"Bottom-up pressure needs to be combined with advocacy by champions from the Legislative Yuan and encouragement from other sources, including foreign governments and experts," Glaser says of a possible solution to break a policy impasse in Taiwan's government.

Taiwan's Interior Ministry already has provisions for volunteer police, firefighters and paramedics. Citizen soldiers would fall under the remit of its Defense Ministry.

Su Tzu-yun, a research fellow with the island's top military think tank, the Institute for National Defense and Security Research, says Taipei is deliberating arrangements that could start to meet some of the grassroots demand.

One method, he explains, could be to amend regulations surrounding Taiwan's armed forces volunteers, a position currently limited to former professional soldiers. "Loosening existing laws to integrate ordinary citizens could be a shortcut to create a territorial defense force by a different name," Su says.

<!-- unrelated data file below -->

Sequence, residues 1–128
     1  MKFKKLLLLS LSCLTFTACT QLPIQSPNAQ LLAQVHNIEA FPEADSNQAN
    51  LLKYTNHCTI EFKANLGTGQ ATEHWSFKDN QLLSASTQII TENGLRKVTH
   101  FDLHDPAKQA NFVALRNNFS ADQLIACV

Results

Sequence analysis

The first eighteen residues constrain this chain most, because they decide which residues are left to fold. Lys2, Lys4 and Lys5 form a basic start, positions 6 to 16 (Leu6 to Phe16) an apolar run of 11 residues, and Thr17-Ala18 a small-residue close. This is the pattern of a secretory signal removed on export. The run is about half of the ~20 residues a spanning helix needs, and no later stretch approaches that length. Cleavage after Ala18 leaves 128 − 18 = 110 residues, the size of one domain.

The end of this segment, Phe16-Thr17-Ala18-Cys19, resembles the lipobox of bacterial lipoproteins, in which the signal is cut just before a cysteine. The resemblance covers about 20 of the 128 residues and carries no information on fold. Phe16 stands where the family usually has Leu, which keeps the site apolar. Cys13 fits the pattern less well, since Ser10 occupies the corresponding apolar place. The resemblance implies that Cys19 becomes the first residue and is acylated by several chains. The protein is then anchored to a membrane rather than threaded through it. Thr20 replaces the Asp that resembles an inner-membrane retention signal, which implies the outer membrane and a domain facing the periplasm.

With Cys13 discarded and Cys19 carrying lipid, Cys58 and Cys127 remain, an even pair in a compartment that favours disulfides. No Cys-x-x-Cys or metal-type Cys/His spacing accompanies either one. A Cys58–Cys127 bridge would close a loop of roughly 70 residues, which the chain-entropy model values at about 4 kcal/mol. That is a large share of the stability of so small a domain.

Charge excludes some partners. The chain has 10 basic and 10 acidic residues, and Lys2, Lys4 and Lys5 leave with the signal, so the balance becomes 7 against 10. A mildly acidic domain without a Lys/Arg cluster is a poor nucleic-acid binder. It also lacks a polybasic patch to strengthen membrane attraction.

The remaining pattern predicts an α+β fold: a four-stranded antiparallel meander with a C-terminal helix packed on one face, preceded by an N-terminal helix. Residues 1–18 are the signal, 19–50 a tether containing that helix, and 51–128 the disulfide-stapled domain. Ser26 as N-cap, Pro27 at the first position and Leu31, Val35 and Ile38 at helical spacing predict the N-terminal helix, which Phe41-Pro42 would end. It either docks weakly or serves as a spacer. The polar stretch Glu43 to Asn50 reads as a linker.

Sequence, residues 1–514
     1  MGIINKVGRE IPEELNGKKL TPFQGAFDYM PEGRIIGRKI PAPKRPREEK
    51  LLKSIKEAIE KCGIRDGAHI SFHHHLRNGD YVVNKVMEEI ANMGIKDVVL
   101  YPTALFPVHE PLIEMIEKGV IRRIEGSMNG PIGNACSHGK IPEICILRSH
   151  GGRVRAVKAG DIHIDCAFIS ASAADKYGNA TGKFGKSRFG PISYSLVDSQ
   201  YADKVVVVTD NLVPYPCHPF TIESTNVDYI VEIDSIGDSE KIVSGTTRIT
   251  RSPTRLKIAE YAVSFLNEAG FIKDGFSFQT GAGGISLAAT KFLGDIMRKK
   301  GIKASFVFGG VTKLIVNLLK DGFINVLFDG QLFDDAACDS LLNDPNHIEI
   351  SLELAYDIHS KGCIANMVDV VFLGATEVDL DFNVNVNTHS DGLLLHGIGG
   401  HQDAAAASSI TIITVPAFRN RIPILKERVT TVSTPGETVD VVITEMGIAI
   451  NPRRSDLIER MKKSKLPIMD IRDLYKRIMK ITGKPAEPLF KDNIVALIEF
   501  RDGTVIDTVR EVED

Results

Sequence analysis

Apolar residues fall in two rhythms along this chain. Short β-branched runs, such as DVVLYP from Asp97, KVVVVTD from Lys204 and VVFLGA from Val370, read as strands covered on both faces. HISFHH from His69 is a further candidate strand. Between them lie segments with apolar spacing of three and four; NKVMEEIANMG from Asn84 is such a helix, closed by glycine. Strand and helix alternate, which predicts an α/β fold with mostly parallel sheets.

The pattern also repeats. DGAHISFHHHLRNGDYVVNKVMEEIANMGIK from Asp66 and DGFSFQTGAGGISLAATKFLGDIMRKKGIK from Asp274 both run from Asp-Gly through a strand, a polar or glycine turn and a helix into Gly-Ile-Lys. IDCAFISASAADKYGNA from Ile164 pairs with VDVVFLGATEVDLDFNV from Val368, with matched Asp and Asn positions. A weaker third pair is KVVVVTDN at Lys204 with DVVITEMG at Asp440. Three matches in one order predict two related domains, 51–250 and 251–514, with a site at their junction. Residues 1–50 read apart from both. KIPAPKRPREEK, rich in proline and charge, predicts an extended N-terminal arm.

"If Taiwan could make use of these elites, who have a strong will to fight, it could go some way toward rebalancing the scales," he says of the widening power gap between Taiwan and China. "A display of national resolve would also be a credible deterrent."

Taiwan Territorial Defense Could Tip Scales
Instructors teach emergency first aid at a workshop held by Forward Alliance on March 27, 2021 in Taipei, Taiwan. The NGO is training members of the public to build resilience for both peacetime disaster relief and wartime civil defense. Forward Alliance